Last week on Facebook, a friend of mine posted that she’d “resorted to using a star chart” in her toddler’s potty training. “Never say never in parenting!” she wrote. So, of course, I had to chime in in the comments that she knows someone well past potty-training age who’s still using a star chart: Me.
My stars, of course, are for writing, not for using the toilet. (Though anyone who’s familiar with Anne Lamott’s concept of “sh*tty first drafts” could argue that they’re essentially the same process.)
Then, on Monday, Laurie Thompson’s post about deadlines kicked off a discussion in the comments that once again led to admissions of star chart use on my part. I even went into more detail about my methods this time:
2 hours of drafting time = 1 gold star.
30 gold stars = 1 trip to the movies.
No drafting = no gold stars = blank stretches on the star calendar = SHAME.
As Laurie said in the comments, “It seems kind of silly that we need these simple tricks to make us do something we already love doing,” and I agree. I wish the spirit constantly moved me to write more. I wish I was the kind of person who woke up every morning full of confidence and motivation, unable imagine life without my daily five-hour stint at ye olde writing desk. And it’s not like the magic never happens, like I’m never excited to sit down and work. I used to be a write-when-the-spirit-moves-me sort of writer…it just took me more than five years to draft a single book that way. So now I use the shiny stickers to help speed the process up a bit.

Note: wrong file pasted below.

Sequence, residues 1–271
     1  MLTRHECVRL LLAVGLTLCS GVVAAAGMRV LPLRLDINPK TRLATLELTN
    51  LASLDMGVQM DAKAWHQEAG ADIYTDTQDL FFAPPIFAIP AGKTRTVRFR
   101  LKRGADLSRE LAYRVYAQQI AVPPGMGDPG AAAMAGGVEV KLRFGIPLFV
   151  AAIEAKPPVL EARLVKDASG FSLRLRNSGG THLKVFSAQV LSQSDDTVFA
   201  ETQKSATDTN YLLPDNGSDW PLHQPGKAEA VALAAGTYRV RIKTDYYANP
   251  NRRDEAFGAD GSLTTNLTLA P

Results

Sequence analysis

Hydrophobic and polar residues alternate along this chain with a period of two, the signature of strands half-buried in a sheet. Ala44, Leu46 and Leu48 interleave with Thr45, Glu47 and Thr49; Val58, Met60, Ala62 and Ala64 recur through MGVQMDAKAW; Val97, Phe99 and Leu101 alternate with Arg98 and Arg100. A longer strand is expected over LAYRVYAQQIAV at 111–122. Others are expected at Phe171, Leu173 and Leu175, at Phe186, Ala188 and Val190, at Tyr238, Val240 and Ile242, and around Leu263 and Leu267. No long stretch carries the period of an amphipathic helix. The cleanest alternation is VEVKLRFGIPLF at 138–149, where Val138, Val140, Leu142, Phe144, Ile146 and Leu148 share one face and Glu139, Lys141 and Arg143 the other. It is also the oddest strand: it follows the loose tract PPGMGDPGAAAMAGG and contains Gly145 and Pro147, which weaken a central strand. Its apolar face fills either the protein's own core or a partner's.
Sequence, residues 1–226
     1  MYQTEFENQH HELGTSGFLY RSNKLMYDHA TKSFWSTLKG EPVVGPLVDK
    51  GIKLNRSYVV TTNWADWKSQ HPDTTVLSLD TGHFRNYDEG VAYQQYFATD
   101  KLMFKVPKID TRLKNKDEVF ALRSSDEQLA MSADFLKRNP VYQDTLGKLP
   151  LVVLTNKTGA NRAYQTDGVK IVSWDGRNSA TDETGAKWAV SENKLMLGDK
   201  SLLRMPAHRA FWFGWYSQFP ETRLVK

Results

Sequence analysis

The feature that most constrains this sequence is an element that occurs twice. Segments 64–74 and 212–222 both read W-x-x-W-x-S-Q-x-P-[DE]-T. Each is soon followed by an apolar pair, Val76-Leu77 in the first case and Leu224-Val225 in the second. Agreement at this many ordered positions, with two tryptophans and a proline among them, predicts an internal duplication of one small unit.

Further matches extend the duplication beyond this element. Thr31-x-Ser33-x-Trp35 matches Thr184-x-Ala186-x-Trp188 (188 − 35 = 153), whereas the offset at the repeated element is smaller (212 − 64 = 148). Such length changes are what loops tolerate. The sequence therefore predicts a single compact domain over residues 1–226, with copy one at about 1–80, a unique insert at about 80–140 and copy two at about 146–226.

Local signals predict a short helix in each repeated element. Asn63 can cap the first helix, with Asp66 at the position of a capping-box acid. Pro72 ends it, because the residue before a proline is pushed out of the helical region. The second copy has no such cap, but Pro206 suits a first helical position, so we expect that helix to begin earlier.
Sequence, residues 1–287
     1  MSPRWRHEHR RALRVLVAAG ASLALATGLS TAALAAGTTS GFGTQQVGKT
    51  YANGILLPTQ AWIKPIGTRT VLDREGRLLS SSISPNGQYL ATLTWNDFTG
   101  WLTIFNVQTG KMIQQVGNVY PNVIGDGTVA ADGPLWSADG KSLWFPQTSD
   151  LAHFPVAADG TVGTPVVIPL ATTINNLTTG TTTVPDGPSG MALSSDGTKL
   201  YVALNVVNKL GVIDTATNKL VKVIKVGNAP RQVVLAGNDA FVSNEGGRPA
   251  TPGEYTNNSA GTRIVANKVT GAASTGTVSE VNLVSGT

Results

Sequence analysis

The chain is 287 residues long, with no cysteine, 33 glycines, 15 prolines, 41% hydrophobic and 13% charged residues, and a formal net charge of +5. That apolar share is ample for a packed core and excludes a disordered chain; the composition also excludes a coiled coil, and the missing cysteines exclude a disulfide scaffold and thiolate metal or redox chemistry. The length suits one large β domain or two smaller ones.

Another advantage to having a star chart (or, better yet, star calendar) is that you can look back at your writing patterns over time. This year, I got off to a pretty good start in January, but then my second editorial letter came, so I had to put my WIP aside to work on more Gladys edits. February only has a couple of gold stars, since most of that month was devoted to edits and travel, but things pick back up again in March, and April is my starriest month so far. If I can keep it up through May, I may even have a (stinky, poopy, cr*ptastic) first draft on my hands.
So, they may be silly, but I’m sticking with my stars. In fact, I’m just a couple away from my first reward, a night at the movies! Of course, being so devoted to my work, I have no idea what’s even in theaters right now. Any recommendations, guys?
Tara Dairman is a novelist, playwright, and recovering world traveler. All Four Stars, her debut middle-grade novel about an 11-year-old who secretly becomes a New York restaurant critic, will be published in 2014 by Putnam/Penguin.
Find her online at taradairman.com.